JAMES E. BOYD, the eighth governor of Nebraska, was born in County Tyrone, Ireland, on September 9, 1834. His education was limited and attained in the common schools of Ireland and Ohio. After moving to Omaha, Nebraska, in 1856, he worked as a carpenter, rancher, and railroad contractor. Boyd first entered politics as a one-term member of the Nebraska House of Representatives, a position he was elected to in 1866. He served as a delegate to the State Constitutional Conventions in 1871 and 1875, and was president of the Omaha City Council in 1880. He also served as the mayor of Omaha from 1881 to 1883 and 1885 to 1887; was a delegate to the 1884, 1888 and 1892 Democratic National Conventions; and served as a member of the Democratic National Committee from 1884 to 1892. Boyd next secured the Democratic gubernatorial nomination, and was elected the state's first Democratic governor in November 1890. However, he did not take office as scheduled in January, 1891, due to a controversy involving his U.S. citizenship eligibility. After a U.S. Supreme Court ruling, Boyd took office on February 8, 1892. During his tenure, railroad regulations were promoted and the Newberry railroad act was vetoed. Boyd completed his term and left office on January 13, 1893. After two failed congressional bids, Boyd retired from politics in 1894. Governor James E. Boyd passed away on April 30, 1906, and was buried in the Forest Lawn Cemetery in Omaha, Nebraska.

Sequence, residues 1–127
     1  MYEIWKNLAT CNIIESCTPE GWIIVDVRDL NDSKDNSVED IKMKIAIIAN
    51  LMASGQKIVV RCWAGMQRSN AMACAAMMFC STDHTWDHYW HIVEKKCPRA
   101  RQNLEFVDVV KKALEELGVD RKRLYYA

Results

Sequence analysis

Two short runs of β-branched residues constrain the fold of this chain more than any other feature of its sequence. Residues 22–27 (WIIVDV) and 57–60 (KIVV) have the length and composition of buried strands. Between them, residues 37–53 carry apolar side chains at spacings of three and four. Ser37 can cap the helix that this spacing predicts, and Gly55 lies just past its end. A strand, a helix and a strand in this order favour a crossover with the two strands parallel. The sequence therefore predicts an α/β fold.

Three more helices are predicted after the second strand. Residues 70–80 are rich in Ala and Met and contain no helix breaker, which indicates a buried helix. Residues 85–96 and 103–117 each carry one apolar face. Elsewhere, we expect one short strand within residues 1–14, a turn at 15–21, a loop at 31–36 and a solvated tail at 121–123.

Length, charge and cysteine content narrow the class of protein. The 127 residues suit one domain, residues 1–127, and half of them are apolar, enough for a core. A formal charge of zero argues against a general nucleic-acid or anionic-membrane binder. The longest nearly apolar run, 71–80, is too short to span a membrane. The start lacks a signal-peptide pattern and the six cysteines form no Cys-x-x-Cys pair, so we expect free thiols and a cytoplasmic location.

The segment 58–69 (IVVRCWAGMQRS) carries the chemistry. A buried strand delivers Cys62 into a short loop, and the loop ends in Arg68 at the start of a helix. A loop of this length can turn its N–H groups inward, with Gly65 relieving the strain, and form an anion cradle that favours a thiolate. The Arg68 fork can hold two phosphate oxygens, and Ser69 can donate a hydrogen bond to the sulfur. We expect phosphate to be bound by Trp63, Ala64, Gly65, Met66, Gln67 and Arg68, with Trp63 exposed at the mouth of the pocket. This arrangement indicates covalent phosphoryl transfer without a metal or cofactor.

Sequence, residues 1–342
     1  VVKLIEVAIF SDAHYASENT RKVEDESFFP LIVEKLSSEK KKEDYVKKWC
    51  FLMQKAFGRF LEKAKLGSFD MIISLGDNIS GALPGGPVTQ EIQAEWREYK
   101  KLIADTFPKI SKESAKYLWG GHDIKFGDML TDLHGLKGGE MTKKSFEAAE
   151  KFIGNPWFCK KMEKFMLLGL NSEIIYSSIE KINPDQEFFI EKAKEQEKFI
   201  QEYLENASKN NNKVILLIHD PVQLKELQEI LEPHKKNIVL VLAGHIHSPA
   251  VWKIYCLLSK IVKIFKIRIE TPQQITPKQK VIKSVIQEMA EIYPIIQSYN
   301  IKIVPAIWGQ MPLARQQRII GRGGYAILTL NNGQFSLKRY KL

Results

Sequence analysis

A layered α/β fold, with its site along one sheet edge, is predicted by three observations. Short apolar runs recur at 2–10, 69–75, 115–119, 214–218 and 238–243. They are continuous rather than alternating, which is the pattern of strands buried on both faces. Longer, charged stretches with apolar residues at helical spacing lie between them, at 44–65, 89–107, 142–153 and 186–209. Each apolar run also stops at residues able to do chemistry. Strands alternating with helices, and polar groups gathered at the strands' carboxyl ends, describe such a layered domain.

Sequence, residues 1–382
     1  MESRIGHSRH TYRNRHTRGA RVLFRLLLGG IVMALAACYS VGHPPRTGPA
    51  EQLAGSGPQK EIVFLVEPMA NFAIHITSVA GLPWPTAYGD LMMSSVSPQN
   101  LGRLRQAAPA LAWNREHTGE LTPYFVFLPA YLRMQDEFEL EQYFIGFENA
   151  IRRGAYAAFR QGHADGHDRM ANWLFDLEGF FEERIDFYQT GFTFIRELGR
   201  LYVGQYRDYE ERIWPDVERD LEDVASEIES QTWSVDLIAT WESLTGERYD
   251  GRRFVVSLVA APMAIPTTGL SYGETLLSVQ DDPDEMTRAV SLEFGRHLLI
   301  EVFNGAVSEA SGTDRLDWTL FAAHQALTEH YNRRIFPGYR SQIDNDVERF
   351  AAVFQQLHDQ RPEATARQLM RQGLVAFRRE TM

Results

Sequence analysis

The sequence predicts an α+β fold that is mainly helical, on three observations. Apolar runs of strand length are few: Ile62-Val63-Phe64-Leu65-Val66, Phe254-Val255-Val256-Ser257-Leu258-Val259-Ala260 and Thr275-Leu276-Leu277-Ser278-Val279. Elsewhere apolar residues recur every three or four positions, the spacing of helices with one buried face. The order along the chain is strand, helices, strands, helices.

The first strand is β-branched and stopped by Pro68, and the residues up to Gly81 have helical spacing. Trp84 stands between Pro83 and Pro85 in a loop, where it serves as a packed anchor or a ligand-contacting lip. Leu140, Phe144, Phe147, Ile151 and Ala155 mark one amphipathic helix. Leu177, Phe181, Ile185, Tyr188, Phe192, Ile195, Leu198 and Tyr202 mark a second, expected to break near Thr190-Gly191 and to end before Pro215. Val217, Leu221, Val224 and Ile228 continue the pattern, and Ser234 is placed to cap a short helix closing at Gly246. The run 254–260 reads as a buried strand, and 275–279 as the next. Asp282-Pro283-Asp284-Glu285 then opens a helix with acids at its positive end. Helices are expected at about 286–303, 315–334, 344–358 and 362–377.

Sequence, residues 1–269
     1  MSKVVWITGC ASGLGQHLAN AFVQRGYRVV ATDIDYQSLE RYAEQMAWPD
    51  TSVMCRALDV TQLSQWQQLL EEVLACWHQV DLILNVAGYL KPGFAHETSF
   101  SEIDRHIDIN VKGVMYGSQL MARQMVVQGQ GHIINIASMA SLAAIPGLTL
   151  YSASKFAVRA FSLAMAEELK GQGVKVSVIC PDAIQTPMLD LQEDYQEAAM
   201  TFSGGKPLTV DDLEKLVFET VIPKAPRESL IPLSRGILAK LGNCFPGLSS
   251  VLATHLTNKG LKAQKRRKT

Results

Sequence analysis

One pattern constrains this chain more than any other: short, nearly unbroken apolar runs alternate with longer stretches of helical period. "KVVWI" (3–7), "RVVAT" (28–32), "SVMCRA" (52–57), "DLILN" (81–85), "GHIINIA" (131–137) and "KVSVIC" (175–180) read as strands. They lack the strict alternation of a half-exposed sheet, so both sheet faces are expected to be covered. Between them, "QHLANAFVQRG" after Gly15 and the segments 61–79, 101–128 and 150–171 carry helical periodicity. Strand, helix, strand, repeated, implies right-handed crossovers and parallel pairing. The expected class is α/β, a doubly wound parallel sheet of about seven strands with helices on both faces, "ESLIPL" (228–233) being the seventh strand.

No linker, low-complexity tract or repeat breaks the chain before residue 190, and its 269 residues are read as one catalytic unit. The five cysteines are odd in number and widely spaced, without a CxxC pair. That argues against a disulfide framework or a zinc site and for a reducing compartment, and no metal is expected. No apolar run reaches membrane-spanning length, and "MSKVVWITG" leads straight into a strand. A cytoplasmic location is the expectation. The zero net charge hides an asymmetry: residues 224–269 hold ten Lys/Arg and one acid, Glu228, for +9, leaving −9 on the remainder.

Sources:

Sobel, Robert, and John Raimo, eds. Biographical Directory of the Governors of the United States, 1789-1978, Vol. 3, Westport, Conn.; Meckler Books, 1978. 4 vols.

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